"[D]iscovery should ordinarily be granted where pertinent facts bearing on the question of jurisdiction are controverted . . . ." Laub, 342 F.3d at 1093 (citation omitted). Accordingly, this court holds that the district court abused its discretion by dismissing Abbyy Software without jurisdictional discovery.

Nuance could not have served the Russian company under the normal channel: Hague Convention rules.

[T]he Russian Federation "unilaterally suspended all judicial cooperation with the United States in civil and commercial matters in 2003." J.A. 316.

Under Rule 4(f)(3), federal courts have discretionary authority to direct service "by other means not prohibited by international agreements." Fed. R. Civ. P. 4(f)(3); Brockmeyer, 383 F.3d at 805 (emphasis omitted). "Rule 4(f)(3) is not subsumed within or in any way dominated by Rule 4(f)'s other subsections; it stands independently, on equal footing." Rio Props., Inc. v. Rio Int'l Interlink, 284 F.3d 1007, 1015 (9th Cir. 2002). The Advisory Committee Note to Rule 4 explains that Rule 4(f)(3) is particularly appropriate where a signatory to the Hague Service Convention has "refused to cooperate for substantive reasons." Fed. R. Civ. P. 4, Advisory Committee Note to Subdivision (f) (1993). The Advisory Committee Note further explains that service under 4(f)(3) might be justified when the foreign country's central authority "refuses to serve a complaint seeking punitive damages or to enforce the antitrust laws of the United States." Id.

Substituted service under Rule 4(f)(3) has also been specifically used to serve litigants from the Russian Federation in multiple U.S. courts.

Nuance served Abbyy Production in Moscow by personal delivery.

[N]umerous courts have found alternate service methods appropriate without a prior attempt to serve through the Hague Convention. See, e.g., In re LDK Solar Sec. Litig., No. 07-05182, 2008 WL 2415186, at *2 (N.D. Cal. June 12, 2008); In re Potash Antitrust Litig., 667 F. Supp. 2d 907, 931 (N.D. Ill. 2009); Arista Records, 2008 WL 563470, at *1-2. This court holds that the district court erred in requiring service of Abbyy Production under the Hague Service Convention.

The court-ordered method of service must still be reasonable and comport with constitutional notions of due process. To meet this requirement, the method of service crafted by the court must be "reasonably calculated, under all the circumstances, to apprise interested parties of the pendency of the action and afford them an opportunity to present their objections." Mullane v. Cent. Hanover Bank & Trust Co., 339 U.S. 306, 314 (1950). This court finds that substitute service on Abbyy USA would satisfy this standard, as it is reasonably calculated to apprise Abbyy Production of the pendency of the action and afford it an opportunity to respond. Indeed, the Trade Secret Magazine article reveals that Abbyy USA was effectively passing information about this lawsuit to Abbyy Production even before Nuance attempted to serve Abbyy Production. "Dismissal is not appropriate when there is a reasonable prospect that service may yet be obtained." Chapman v. Teamsters Local 853, No. 07-1527, 2007 WL 3231736, at *3 (N.D. Cal. Oct. 30, 2007). On remand, the district court should therefore allow alternate service as it deems appropriate, including at least substitute service, pursuant to Rule 4(f)(3), of Abbyy Production by substitute service on Abbyy USA.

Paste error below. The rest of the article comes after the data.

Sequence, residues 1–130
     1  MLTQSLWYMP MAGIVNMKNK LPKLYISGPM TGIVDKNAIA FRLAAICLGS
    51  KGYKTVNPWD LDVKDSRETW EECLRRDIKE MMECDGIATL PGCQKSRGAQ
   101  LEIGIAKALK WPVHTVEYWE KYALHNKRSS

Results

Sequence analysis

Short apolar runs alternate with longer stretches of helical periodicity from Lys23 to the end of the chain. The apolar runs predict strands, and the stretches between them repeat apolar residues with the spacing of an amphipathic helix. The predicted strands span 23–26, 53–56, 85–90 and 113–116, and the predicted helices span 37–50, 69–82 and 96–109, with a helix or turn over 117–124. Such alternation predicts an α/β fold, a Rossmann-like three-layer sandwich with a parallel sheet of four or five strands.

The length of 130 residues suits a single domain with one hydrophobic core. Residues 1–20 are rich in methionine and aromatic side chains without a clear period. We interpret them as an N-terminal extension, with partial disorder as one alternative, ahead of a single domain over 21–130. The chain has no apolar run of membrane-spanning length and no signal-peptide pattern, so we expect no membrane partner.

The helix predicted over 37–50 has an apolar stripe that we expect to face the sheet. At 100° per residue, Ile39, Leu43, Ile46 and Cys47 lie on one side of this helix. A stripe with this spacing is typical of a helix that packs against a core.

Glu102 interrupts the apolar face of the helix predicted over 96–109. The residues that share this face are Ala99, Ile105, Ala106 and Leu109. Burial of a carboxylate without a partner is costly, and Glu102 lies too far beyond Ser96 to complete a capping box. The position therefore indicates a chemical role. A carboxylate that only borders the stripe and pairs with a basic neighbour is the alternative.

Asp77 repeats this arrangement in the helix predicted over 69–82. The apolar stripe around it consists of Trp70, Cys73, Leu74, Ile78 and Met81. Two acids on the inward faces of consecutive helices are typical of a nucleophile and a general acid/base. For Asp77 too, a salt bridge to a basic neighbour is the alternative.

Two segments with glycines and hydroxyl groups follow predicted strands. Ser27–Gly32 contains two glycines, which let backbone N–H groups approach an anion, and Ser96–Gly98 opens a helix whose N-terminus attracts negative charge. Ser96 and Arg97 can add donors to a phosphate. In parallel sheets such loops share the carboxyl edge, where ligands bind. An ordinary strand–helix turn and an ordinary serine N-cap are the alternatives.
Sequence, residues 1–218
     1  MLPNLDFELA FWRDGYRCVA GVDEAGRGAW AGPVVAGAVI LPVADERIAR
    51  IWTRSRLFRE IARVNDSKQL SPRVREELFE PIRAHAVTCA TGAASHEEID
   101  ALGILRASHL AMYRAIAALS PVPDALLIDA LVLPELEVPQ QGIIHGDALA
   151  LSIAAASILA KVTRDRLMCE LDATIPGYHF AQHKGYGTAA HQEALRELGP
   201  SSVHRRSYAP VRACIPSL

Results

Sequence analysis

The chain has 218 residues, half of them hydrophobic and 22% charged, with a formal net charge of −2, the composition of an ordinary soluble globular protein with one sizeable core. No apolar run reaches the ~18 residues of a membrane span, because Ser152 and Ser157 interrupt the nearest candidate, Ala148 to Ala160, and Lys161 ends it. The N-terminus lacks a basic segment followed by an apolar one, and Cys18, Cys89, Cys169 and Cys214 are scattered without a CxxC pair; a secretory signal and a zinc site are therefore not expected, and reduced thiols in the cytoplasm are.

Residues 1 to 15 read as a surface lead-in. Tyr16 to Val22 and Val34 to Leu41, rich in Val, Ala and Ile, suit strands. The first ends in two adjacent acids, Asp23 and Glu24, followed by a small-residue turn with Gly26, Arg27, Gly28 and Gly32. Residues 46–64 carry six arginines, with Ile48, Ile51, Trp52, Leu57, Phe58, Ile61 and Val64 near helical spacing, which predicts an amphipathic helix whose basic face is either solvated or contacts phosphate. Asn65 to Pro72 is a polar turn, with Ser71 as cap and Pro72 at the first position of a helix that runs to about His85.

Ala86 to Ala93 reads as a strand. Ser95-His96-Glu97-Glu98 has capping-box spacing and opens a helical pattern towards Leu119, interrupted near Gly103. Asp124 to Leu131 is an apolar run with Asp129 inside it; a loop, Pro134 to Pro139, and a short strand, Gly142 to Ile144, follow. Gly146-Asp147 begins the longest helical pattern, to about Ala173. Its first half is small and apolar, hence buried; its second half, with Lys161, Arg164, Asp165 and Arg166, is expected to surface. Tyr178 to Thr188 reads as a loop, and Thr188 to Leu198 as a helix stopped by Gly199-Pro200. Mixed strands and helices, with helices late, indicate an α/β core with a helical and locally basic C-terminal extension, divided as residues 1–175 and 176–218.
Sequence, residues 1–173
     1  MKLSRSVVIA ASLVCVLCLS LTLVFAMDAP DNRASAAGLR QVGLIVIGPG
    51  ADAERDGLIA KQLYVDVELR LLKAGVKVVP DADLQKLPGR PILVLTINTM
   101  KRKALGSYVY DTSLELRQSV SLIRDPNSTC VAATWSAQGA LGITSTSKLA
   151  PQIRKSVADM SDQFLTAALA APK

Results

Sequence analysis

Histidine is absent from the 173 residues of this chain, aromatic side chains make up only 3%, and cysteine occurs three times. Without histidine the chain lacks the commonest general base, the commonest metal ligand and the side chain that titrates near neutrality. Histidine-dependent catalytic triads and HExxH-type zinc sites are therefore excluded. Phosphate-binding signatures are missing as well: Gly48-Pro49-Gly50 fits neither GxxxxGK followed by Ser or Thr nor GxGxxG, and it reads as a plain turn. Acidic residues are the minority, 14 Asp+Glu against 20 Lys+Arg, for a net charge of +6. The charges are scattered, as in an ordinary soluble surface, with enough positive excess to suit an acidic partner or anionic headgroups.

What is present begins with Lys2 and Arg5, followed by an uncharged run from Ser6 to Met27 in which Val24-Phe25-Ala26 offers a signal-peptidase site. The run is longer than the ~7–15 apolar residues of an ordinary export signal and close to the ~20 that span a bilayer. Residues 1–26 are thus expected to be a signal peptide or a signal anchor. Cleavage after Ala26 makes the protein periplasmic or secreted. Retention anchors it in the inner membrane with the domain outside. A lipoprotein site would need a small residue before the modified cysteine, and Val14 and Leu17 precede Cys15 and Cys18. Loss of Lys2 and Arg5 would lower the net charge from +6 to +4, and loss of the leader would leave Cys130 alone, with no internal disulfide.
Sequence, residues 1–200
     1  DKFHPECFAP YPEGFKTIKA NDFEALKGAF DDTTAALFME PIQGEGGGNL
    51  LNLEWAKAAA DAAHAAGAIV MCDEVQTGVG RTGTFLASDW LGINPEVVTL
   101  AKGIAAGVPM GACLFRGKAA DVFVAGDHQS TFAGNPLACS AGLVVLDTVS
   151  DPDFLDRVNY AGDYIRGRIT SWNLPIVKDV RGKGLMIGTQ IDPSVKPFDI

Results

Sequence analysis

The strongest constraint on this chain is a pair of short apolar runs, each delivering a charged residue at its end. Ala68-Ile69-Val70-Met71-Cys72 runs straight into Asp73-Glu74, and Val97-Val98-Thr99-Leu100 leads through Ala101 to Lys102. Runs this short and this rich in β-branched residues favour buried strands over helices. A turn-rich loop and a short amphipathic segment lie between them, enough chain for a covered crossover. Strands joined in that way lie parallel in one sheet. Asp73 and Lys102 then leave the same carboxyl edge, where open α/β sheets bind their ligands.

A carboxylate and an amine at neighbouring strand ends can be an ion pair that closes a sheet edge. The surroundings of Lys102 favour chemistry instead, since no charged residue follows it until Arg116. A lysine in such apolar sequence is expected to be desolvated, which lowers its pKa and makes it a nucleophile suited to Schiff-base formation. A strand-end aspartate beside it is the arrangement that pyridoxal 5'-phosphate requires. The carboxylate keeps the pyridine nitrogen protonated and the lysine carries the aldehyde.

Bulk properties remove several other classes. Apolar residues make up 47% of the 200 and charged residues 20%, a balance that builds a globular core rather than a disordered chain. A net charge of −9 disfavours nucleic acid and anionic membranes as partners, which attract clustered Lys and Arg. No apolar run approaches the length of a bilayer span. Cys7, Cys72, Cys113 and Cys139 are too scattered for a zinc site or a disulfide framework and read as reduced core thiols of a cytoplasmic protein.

The district court erred by dismissing Abbyy Software for improper service on its own initiative.

On review of the record, this court concludes that the district court erred when it declined to exercise jurisdiction over Abbyy Production and abused its discretion when it denied Nuance's request for jurisdictional discovery. This court further concludes that the district court erred when it dismissed the Abbyy defendants for improper service of process. This court vacates the district court's judgment and remands for further proceedings consistent with this opinion.

Posted by Patent Hawk at November 14, 2010 10:09 PM | Case Law

Comments

Judges shall hold their offices during good behavior; i.e. tenure for life -- just the latest USDC example of why the Fondling Fathers weren't really all that smart after all.

"The district court dismissed both Abbyy Production and Abbyy Software. With respect to personal jurisdiction, the court provided a single paragraph of analysis, concluding that the record did not show that Abbyy Production and Abbyy Software purposefully directed any specific activity at residents of California or within the forum state, or that Nuanceā€™s claims arise out of or relate to those activities."

The record did not show purposeful direction because the judge refused to allow jurisdictional discovery.

Judge Jeffery S. White, federal prosecutor appointed to the bench by Bush. This is the same judge that tried to shut down the Wikileaks website in Sweden on a motion from the Swiss banking group Julius Bear until he relented in the face of international out-cry against prior restraint.

Jurisdiction, particularly involving international players, is never easy, which is why a single paragraph analysis is a prima facie badge of . . .whatever. You fill in the blanks.

Posted by: Babel Boy at November 16, 2010 9:28 AM